What was the appeal of Satan in the Garden of Eden when he wished to set aside the authority of God's Word in Eve's heart? Satan had her to think that the Word of God should not be treated as a legalistic barrier to that which is "good for food," "pleasant to the eyes," and "desired to make one wise" (Gen. 3:1-6). God's law, His rule, His very Being must yield to human lust, human desire, human conquest. Modernism has its own intellectual and propositional content - such as the proposition that truth is not propositional - but its appeal is not simply to the intellect. The appearance of pride and intellectual arrogance remind us that Modernism appeals to man's loves, emotions, aspirations, and aims.

The devices used in the Garden are still used in every worldly force and movement:

1 John 2:15-17 Power of the World

Love not the world, neither the things

that are in the world. If any man love

the world, the love of the Father is not

in him. For all that is in the world,

the lust of the flesh, and - Lust For Fleshly Experience

the lust of the eyes, and - Lust For Material Things

the pride of life, - Lust For Human Autonomy

Is not of the Father, but is of the world.

And the world passeth away, and the lust

thereof: but he that doeth the will of God

abideth forever.

Those who find that the will of God revealed in Scripture does not satisfy their yearning for things of the world can find satisfaction in Modernism, humanism, or complete moral anarchy. After the Earl of Rochester returned from infidelity, he confessed that his real problem had not been intellectual: "A bad heart, a bad heart is the great objection against the Holy Book" (Mistakes of Ingersoll and His Answers Complete, p. 40). Beneath the intellectual arguments lies an unwillingness to submit a man's life to God's revealed will, in many cases.

Does this mean that the power of the world is greater than the power of truth? No, John said that we may overcome the world "because greater is he that is in you, than he that is in the world" (1 Jn. 4:4). The power of truth is sufficient to overcome the world but all men do not love the truth. Jesus is the King of truth in the Kingdom of truth; He said, "Everyone that is of the truth heareth my voice" On. 18:37). Yet, the person to whom He spoke, Pilate, would not hear Him; Pilate loved that which is of the world more than that which is "of the truth."

Jesus said that His teaching came from God. "If any man will - i.e. wishes to (RH) - do his will, he shall know of the doctrine, whether it be of God, or whether I speak of myself (Jn. 7:16-17). Robert E.D. Clark pointed out in Conscious and Unconscious Sin (pp. 167-68) that there was a purpose in the teaching method of Jesus. "Knowing what was in man," Jesus would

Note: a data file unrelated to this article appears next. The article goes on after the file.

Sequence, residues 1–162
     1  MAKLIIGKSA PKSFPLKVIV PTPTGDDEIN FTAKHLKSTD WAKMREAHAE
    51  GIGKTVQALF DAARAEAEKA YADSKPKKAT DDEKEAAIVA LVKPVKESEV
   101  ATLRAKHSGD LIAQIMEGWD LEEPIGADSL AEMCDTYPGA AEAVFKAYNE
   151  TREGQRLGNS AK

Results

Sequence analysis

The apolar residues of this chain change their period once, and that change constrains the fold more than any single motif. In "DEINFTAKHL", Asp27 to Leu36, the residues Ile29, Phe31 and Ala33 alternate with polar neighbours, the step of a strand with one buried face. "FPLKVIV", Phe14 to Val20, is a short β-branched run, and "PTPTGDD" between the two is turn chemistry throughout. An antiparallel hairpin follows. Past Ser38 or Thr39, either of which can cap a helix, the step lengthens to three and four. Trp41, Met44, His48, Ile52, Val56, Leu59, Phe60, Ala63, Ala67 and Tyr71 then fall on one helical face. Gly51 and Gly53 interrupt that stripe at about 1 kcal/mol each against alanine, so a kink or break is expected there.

seek to convince people by an appeal to the mind until He knew that He had presented sufficient evidence, and that rationalization alone stopped that evidence being accepted. After that, a continued attempt to present evidence on the same lines would have caused greater and greater sin against the light. Naturally, He would therefore refuse to go on presenting it, and instead would make the greatest efforts to show people that they were rationalizing in the hope that they might realize what were the true reasons for their rejection of Himself.

We must recognize, Clark argued, that the strongest evidence which can be presented today still will not convert some men. Clark continued,

The point for us to decide is not whether the story of Christ's resurrection is as rigidly provable as we could wish it to be, but whether, if it did conform to the standard we demand, we should instantly change our lives and be willing to forsake all for Christ, or whether we should promptly raise the required standard of evidence or find some other point to argue about . . . The Christian does not stand for a religion which can answer every objection the wit of man can raise, but for the teaching of Jesus Christ that all who are of the Truth find in Him their Savior, Lord and God (material by Clark from James D. Bales, How Can Ye Believe?, pp. 95-96).

In short, so long as there are men not hungering for truth but yearning to rationalize their own desires, there will be hearts prepared to accept Modernism. In many cases, it is not a question of the evidence presented but of the hearer's will.

Truth Magazine XXIV: 28, pp. 455-458
July 17, 1980